From Iceland — Bringing Art to the Public

Bringing Art to the Public

Published July 27, 2007

Bringing Art to the Public

‘Miðbaugur og Kringla: Leisure, Administration and Control’ is the name of a collaborative exhibition of 11 visual artists that will open in various spaces in Reykjavík on July 21. The participating group, which consists of artists from Iceland, Sweden, Finland, Denmark, Norway, France and Estonia, originally came together in 2005, when chosen to create a grand-scale exhibition for a culture festival set to take place in Berlin the following year. They invaded the Potsdamer Platz train station, smack in the city’s centre, and put up installations that grabbed the passenger’s attention beyond all expectations.

Working within this crowded intersection inspired the artists to continue the collaboration and as they all share the same interest in working with public spaces, two of Reykjavík’s largest were the obvious targets. The spacious Kringlan shopping mall and the old city centre will experience a four-week transformation when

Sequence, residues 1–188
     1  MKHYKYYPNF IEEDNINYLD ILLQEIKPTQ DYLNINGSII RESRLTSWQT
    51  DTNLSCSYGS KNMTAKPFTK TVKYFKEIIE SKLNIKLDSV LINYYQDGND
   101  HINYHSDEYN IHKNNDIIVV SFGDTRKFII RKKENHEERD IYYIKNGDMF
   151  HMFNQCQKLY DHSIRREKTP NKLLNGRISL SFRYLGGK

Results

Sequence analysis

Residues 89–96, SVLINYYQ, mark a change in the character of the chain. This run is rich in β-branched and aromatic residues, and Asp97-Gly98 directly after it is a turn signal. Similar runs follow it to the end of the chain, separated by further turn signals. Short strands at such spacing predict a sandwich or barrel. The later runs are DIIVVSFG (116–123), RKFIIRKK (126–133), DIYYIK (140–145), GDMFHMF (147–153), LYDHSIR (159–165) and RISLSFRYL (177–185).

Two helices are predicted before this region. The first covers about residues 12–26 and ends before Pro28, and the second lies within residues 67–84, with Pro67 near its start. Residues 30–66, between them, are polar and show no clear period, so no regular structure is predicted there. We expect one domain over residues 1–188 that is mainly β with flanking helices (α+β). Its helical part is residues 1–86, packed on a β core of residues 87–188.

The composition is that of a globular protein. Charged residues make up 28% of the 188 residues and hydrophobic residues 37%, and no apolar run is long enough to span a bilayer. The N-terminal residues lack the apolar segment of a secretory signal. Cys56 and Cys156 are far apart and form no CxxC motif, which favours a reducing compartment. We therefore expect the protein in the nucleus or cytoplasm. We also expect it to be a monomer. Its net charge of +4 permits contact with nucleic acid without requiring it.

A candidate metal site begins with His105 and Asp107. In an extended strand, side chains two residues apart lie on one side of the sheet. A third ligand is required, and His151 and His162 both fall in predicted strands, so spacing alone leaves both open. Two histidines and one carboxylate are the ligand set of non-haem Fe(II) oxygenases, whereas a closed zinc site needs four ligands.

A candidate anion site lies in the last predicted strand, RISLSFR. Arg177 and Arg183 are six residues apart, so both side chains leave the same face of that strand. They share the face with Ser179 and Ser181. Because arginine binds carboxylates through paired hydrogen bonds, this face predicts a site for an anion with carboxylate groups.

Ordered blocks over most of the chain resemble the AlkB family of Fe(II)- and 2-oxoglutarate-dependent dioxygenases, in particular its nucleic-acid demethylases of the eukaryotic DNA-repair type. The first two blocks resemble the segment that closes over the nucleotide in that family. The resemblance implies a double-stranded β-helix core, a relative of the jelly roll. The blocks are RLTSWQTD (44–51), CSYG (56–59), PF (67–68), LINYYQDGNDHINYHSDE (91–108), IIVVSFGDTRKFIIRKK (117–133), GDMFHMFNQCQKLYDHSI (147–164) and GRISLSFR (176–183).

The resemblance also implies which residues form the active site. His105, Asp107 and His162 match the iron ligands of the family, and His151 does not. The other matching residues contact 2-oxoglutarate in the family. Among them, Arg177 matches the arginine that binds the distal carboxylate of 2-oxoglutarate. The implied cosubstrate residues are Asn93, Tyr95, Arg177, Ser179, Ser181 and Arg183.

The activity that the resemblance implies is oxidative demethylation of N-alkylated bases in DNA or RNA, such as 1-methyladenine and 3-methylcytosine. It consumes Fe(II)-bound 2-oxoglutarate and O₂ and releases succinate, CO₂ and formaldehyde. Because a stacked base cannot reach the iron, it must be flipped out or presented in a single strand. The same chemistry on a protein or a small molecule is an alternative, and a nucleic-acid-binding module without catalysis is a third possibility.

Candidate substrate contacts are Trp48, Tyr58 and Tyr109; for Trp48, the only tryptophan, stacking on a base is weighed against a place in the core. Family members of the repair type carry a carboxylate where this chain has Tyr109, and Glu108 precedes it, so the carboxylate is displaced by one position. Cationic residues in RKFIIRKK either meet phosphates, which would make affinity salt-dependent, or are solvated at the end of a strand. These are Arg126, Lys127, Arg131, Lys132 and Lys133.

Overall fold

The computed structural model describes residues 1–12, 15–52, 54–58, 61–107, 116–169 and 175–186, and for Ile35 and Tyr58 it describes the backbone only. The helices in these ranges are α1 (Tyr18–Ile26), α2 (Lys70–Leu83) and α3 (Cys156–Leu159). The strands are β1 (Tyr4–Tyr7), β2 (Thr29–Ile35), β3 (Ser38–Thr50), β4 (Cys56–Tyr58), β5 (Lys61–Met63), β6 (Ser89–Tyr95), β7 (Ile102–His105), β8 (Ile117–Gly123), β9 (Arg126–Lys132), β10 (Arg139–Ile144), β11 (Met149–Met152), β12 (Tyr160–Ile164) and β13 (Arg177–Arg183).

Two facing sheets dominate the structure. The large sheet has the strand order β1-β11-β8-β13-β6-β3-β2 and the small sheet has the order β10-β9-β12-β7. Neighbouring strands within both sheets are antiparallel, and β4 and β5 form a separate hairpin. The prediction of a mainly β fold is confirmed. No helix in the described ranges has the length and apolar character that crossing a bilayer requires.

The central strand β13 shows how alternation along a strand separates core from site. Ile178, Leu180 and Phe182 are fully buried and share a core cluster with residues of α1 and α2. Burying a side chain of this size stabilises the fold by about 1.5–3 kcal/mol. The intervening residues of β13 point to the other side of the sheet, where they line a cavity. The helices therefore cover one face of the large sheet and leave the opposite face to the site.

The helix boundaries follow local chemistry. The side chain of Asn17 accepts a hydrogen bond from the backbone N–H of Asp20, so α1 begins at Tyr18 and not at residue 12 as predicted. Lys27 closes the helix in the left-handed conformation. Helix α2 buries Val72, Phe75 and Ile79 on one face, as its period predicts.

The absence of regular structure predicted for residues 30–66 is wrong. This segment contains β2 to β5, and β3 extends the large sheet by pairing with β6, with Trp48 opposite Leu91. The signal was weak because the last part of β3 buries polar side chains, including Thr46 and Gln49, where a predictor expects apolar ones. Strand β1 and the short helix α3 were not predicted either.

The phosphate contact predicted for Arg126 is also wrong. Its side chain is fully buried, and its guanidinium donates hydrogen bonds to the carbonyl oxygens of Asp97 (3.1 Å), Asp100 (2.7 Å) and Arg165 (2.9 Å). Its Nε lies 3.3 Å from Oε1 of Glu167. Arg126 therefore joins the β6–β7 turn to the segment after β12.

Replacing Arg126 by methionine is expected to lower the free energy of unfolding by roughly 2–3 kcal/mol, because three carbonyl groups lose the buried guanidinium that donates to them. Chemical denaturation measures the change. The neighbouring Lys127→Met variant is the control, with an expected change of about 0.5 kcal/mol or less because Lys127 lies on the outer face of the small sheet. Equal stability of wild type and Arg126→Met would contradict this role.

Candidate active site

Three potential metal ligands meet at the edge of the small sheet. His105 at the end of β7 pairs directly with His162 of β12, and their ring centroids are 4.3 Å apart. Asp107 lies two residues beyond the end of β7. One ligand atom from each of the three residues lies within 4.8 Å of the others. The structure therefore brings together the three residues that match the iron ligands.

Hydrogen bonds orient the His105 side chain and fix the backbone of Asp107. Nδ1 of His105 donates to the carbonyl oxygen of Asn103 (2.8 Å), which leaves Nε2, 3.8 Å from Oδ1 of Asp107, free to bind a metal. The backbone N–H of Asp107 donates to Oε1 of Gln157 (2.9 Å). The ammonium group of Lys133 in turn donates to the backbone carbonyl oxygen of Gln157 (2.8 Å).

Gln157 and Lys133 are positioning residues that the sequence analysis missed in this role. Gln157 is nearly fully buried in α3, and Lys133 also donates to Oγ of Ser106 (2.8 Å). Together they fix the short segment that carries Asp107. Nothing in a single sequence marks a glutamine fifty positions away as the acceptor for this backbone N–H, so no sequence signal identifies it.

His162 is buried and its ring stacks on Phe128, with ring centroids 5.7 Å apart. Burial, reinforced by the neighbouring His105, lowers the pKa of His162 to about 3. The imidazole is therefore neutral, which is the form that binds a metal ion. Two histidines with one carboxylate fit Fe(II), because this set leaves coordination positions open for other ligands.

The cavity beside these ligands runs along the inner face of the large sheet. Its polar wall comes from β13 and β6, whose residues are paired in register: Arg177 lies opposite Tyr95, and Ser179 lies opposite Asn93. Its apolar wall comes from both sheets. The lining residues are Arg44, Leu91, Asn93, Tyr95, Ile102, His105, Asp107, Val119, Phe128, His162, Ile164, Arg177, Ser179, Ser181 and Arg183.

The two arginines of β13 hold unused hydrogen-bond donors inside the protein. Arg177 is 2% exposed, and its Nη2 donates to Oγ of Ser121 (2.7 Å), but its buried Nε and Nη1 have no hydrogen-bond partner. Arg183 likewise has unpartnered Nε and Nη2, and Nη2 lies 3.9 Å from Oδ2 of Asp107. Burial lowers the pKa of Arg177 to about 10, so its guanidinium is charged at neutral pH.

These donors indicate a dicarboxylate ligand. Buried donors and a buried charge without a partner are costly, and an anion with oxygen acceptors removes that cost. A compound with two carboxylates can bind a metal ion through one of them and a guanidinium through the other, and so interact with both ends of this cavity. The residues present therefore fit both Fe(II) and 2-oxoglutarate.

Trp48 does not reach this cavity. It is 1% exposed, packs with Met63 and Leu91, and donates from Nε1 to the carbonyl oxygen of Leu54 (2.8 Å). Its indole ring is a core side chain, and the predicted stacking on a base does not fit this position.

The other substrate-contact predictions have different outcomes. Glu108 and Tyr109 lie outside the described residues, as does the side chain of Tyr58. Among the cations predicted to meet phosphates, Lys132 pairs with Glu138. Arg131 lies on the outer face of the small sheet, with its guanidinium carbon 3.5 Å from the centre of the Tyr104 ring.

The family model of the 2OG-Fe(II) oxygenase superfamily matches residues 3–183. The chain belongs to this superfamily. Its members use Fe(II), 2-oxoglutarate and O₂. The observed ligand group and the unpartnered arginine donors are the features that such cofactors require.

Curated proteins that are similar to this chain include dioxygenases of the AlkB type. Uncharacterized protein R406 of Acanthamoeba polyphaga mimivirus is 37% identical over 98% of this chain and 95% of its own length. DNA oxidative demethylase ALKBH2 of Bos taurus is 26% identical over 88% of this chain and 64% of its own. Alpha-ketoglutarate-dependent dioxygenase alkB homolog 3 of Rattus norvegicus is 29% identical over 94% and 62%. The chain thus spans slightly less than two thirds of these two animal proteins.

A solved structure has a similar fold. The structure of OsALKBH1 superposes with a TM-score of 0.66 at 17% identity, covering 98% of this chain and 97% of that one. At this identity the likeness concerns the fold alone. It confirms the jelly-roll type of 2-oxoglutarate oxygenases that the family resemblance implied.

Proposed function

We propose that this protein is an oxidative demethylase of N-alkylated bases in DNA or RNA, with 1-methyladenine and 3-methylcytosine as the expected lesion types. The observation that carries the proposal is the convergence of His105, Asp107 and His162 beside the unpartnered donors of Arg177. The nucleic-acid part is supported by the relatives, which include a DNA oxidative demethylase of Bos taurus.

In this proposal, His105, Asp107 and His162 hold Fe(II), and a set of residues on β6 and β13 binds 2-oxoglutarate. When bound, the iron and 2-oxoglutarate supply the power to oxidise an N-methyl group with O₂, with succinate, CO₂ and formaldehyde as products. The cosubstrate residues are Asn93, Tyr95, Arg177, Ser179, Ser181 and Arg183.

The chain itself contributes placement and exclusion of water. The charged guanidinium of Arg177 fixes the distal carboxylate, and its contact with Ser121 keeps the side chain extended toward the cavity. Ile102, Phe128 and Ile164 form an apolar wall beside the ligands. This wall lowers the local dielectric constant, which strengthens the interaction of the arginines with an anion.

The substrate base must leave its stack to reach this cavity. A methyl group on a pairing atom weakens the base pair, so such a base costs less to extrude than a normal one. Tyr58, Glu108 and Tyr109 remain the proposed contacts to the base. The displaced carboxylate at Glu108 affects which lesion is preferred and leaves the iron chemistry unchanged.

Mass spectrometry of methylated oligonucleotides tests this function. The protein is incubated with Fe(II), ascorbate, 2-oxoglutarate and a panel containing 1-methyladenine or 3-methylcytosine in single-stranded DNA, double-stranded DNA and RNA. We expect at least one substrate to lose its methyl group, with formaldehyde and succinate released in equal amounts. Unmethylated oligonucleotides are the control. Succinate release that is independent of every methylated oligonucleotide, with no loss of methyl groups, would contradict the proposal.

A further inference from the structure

Kringlan’s entrance, hallways, shops and car park, downtown Austurvöllur, Miklabraut traffic street and Miklatún outdoor park, among others, will be used for installations, photo displays and performances during the period.

The exhibition catalogue reads that the group chose these two destinations because to them they are the most important meeting spots in the capital and represent in a prominent way what Iceland and Reykjavík are. Although very distinct in size and shape, these spaces both serve as busy shopping destinations as well as favoured hangouts for locals and travellers alike.

“We are looking at the purpose these areas serve and how people use them,” they explain. This will be a wide-ranging project, which hopefully will attract the pedestrians who frequent these places. The goal is to make the exhibition very visible but also interactive, so the viewer can be part of the projects. When shopping, heading to work or strolling around downtown in search for some afternoon fun, you therefore might stumble upon some intriguing art-piece along the way and forget all about your former missions.

The exhibition’s opening will take place at two locations on July 21. At 15:00 the temporary-showroom Kringlan reveals its facelift and at 17:30, the exhibition inside the Reykjavík City Hall opens to the public. From there, a walk around the centre will lead to Gallery Dwarf on Grundarstígur, where the opening ceremony concludes at around 20:00.

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